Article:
Surge in demand for new tanker

Topic: Fighting armsRoyal Auxiliary Fleet

One minute you’re saluting your namesake in his ancestral home, the next you’re taking onboard 70 tonnes of fuel to keep you powering through the North Sea.

Refuelling in the North Sea is HMS Sutherland. Providing the black gold, new tanker RFA Tidesurge, supporting the work of the Royal Navy in home waters.

The 39,000-tonne auxiliary is the third of four Tide-class tankers built to support the UK’s new aircraft carriers and their task groups, delivering fuel to power both the warships and the jets and helicopters.

Using all her rigs and probes at maximum capacity, Tidesurge could pump 2,400 tonnes of fuel into the waiting tanks of HMS Queen Elizabeth in just an hour – enough to fill the tanks of 43,000 family cars.

The 70 tonnes shipped across to the Plymouth-based frigate, which has just paid her respects to the Duke of Sutherland, would only suffice to top up about 1,200 cars, but satiated the thirsty warship all the same.

Refuelling – aka a Replenishment At Sea or RAS – is among the most challenging manoeuvres ships perform due to the dynamics of two vessels ploughing along at 12 knots (15mph) just 25 metres apart.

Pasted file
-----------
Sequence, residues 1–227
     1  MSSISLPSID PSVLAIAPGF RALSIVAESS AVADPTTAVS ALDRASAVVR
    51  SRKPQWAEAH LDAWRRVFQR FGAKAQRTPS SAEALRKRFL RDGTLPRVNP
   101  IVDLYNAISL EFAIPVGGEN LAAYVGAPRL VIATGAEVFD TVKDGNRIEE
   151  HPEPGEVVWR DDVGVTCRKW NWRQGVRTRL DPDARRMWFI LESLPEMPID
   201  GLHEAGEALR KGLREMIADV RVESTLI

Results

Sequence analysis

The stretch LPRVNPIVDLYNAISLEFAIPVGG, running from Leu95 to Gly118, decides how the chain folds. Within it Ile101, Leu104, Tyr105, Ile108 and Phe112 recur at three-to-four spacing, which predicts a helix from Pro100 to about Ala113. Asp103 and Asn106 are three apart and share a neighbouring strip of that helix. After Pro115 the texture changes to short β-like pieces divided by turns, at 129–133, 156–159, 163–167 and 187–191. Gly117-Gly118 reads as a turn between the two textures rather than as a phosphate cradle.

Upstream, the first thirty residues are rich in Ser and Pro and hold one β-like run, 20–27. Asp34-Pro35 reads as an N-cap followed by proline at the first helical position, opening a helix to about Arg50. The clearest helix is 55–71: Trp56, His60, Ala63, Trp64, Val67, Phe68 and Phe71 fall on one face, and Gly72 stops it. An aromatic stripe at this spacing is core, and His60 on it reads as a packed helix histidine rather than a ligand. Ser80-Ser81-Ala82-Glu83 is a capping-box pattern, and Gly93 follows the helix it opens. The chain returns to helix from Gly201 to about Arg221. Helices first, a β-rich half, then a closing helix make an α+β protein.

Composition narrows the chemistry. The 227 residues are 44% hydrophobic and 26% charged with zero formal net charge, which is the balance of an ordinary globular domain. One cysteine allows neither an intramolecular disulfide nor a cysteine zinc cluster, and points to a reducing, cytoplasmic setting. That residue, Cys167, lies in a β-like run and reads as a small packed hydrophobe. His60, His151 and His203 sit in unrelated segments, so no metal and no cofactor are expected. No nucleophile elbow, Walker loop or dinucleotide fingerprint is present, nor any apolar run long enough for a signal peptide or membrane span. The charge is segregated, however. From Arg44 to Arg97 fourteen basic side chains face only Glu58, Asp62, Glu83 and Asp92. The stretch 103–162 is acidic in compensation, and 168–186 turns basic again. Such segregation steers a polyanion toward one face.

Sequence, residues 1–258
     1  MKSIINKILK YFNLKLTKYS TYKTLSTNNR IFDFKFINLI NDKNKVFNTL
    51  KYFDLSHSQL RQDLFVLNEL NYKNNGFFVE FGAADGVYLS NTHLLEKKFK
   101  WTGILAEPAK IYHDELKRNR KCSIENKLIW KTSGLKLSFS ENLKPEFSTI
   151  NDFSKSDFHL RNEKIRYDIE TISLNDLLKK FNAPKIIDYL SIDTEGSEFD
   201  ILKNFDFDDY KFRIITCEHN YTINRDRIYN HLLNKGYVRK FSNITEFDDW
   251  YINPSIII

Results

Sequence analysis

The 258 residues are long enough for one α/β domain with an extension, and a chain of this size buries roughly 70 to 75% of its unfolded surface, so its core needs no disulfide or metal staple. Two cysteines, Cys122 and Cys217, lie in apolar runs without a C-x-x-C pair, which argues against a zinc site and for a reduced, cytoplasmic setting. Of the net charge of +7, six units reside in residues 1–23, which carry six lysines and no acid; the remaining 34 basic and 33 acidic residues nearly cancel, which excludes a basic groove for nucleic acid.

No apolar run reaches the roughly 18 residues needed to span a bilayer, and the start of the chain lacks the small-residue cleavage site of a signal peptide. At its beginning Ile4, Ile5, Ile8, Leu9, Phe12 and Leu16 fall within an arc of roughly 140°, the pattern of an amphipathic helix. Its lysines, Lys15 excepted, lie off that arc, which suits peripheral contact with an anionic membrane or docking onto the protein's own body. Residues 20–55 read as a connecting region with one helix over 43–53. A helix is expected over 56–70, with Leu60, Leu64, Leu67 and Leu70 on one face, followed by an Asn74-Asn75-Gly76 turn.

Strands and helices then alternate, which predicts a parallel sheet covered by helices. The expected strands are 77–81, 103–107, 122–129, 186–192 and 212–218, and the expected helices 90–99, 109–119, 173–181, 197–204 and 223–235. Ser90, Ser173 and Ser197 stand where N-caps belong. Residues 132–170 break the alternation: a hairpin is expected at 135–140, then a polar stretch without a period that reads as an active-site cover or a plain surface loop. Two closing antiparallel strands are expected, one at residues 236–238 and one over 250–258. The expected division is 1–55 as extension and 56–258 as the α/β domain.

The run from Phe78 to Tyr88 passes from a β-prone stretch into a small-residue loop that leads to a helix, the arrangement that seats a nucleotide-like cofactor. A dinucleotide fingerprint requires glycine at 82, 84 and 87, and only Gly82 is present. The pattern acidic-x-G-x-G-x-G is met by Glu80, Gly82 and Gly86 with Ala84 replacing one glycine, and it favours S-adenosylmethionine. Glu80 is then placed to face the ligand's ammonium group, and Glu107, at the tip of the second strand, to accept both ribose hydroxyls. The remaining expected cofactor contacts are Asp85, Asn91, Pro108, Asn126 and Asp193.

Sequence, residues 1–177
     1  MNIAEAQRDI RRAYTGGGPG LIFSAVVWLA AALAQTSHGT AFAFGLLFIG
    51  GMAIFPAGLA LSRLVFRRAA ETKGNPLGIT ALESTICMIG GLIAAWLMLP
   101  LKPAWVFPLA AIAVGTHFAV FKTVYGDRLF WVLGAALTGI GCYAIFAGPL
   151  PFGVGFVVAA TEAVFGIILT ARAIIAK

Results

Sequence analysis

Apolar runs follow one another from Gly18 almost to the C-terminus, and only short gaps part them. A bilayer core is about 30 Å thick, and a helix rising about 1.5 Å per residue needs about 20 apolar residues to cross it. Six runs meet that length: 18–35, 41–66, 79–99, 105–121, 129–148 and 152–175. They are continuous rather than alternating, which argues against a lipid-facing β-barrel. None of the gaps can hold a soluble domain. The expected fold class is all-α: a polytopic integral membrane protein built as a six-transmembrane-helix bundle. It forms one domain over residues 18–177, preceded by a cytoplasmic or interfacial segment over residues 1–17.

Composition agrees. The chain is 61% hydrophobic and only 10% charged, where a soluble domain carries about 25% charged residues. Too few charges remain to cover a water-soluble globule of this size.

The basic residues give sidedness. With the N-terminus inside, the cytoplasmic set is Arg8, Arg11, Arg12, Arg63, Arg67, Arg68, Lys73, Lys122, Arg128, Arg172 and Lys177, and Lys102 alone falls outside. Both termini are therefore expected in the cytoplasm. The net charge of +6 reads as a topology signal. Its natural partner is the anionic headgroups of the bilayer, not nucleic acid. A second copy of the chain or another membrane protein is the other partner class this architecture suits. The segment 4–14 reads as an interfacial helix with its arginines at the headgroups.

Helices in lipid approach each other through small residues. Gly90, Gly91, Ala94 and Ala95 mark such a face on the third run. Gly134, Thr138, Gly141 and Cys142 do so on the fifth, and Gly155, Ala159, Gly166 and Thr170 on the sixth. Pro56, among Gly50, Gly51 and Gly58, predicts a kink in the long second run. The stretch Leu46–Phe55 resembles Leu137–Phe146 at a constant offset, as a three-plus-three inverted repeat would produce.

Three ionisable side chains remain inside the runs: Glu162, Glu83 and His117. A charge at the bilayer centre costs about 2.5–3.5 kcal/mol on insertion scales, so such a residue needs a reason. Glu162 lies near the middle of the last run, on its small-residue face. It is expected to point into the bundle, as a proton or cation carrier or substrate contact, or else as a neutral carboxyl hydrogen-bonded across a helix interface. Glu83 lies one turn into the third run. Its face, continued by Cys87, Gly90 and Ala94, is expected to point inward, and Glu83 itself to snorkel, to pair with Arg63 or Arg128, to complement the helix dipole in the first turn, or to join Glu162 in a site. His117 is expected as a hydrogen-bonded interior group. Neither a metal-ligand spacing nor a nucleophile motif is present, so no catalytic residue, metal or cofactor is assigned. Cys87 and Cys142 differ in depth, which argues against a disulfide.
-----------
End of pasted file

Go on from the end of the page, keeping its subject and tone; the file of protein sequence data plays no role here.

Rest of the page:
To add to the challenge, this refuelling was conducted silently – without the use of radio, as is done in wartime to avoid giving your location away – solely using visual signalling (flashing light and flags).

Tidesurge’s communications experts Petty Officer Gareth Jones and Leading Hand Richie Coldwell fired up the Aldis signalling projector and flashed Morse code across to their counterparts on HMS Sutherland until the fuel had been successfully transferred and the frigate resumed her home waters patrol.

Tidesurge only entered service back in February, since when she’s been heavily engaged supporting Royal Navy operations in the Norwegian and North Seas and Atlantic, some of it inside the Arctic Circle, and much of it with a Merlin helicopter from 814 Naval Air Squadron embarked.

“The Tide class of fast tankers are perfect platforms for the Merlin to operate from, and my team and I are already looking forward to our next embarkation.”

All that support to operations has emptied Tidesurge’s tanks and storerooms, so she became the first ship in her class to pass under the Forth bridges to sail to the MOD’s depot at Crombie to stock up and allow a crew change.

“We’ve truly ‘surged’ into service as a much-updated tanker – but we’ve proved we are much more than that,” said Captain Gerry Patterson RFA, Tidesurge’s Commanding Officer.

“Tidesurge has shown that she can react quickly to operational contingencies and short-notice tasking and, having also been active within the Arctic Circle, we’ve returned to the UK with a ‘blue nose’ – an honour bestowed by King Neptune in the North.”

The facilities and operational support provided to our detachment by the crew of Tidesurge have been exceptional, allowing us to focus on being as effective as possible.

Lieutenant Tom Wallis, in charge of the Merlin team on board.